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  • The Molecules’ Marathon

    The Molecules’ Marathon0

    The benefits of exercise are not a surprise, and most of us have a fair sense of individual fitness. A recent article published in the Cell Journal1 went a step further and investigated what happens to the body at a molecular level after physical activity. Researchers at Stanford School of Medicine examined the molecular responses

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  • Do Women’s Brains Make Them Better Parents?

    Do Women’s Brains Make Them Better Parents?5

    Spending time with their child influences both father’s and mother’s brain. Scientists have been studying the differences in male and female brains for a long time. As imaging technology has become more advanced, more experiments are being done to test the theory that the brains of men and women operate differently. There’s an age old

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  • Bacteria May Give You A Heart Attack!

    Bacteria May Give You A Heart Attack!0

    Bacterial biofilms associated with plaque may cause artery blockage. It hit me like a heart attack When you finally left me girl… Enrique Iglesias might have had a heart attack because of his beloved, in reality the culprit are bacteria. The most common cause of heart attack is Atherosclerosis, a condition where excess deposition of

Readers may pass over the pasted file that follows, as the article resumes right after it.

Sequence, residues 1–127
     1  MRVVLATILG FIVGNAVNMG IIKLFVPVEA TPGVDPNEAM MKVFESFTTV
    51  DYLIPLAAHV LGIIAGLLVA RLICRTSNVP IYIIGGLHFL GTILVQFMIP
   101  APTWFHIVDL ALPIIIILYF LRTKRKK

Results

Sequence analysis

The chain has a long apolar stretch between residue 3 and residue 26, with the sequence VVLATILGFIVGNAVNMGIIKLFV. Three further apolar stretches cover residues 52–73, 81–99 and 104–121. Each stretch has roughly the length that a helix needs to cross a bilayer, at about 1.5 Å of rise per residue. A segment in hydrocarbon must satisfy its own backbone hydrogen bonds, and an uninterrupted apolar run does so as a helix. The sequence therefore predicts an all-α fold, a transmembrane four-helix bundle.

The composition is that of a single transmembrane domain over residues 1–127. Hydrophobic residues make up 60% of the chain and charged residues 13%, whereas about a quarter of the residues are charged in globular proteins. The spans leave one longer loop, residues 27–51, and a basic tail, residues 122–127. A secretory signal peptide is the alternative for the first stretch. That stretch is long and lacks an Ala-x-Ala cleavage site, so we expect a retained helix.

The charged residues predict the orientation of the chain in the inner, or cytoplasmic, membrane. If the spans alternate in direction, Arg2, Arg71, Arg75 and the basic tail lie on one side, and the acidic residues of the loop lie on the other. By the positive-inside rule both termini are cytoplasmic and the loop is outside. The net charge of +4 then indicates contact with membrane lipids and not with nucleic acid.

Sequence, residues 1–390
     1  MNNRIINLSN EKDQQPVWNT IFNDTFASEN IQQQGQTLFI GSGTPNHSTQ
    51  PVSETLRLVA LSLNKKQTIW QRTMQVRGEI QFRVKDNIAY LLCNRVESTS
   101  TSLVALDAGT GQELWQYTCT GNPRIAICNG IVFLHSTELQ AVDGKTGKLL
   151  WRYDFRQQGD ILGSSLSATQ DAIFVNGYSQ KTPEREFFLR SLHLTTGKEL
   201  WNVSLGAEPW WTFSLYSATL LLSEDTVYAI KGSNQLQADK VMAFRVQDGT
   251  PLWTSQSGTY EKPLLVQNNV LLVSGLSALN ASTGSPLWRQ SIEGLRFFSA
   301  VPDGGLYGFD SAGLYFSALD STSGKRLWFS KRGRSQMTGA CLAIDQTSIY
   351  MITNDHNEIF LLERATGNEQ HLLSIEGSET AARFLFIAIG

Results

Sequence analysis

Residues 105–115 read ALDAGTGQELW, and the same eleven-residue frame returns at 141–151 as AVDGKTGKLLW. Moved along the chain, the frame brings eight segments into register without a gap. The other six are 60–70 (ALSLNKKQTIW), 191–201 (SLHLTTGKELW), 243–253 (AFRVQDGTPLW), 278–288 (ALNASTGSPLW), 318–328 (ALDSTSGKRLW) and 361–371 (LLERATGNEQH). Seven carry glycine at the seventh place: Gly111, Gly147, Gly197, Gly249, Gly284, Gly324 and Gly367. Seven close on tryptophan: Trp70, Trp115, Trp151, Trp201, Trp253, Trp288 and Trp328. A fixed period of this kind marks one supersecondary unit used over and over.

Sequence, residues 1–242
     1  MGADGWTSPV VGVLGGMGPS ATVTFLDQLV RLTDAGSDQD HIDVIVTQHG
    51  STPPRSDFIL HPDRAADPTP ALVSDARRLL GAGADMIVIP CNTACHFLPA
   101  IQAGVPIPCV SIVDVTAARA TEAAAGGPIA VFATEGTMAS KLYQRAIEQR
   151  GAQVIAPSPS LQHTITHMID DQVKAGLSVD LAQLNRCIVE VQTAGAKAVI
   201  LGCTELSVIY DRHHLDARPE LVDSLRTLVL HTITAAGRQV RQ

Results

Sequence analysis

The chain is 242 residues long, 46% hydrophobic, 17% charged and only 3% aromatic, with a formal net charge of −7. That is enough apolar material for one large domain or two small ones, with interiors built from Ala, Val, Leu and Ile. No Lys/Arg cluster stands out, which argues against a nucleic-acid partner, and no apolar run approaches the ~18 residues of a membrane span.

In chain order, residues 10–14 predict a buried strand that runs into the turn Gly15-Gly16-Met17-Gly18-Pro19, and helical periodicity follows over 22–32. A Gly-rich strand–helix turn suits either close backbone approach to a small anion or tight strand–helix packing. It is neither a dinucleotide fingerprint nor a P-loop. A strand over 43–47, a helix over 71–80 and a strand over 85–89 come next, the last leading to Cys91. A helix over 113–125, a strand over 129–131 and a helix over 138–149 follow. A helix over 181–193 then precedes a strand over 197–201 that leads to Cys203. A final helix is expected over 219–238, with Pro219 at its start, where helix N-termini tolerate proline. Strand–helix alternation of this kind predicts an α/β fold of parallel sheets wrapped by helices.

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  • Biology of Love: Are We Made To Live Happily Ever After?

    Biology of Love: Are We Made To Live Happily Ever After?0

    Research suggest that humans are serial monogamists. While we learn from songs, movies and fairy tales that life is all about finding the perfect partner, about romance, soulmates, and lifelong relationships; biology tells us otherwise. Neuroscientists and neurobiologists have looked at the neuronal correlates of love, using brain imaging techniques and animal models. Reviewing various

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  • Niceness Is Linked to Genes

    Niceness Is Linked to Genes2

    There are many things that make a person nicer, and genes might be one of them, according to new research at the University of California and the University at Buffalo. The study, based on surveys and DNA samples from 711 people, measured how genetic receptors for two hormones, oxytocin and vasopressin, affect human behaviour. All

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